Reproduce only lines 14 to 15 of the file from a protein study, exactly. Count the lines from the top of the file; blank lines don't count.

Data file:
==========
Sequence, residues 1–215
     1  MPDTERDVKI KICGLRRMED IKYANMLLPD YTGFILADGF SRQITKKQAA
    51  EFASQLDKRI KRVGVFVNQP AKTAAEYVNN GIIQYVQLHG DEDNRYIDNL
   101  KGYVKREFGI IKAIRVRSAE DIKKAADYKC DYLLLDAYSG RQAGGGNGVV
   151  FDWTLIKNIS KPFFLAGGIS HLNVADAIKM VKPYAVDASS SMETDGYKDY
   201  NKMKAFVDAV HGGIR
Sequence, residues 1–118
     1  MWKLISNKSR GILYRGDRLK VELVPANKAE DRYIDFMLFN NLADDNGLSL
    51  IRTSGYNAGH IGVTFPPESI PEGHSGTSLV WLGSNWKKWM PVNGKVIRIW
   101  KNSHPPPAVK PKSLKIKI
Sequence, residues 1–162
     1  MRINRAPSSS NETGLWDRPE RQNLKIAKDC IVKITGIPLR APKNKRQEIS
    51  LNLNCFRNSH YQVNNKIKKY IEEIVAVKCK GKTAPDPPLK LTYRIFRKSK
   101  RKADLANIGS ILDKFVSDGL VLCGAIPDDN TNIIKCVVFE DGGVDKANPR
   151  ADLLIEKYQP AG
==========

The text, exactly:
   101  RKADLANIGS ILDKFVSDGL VLCGAIPDDN TNIIKCVVFE DGGVDKANPR
   151  ADLLIEKYQP AG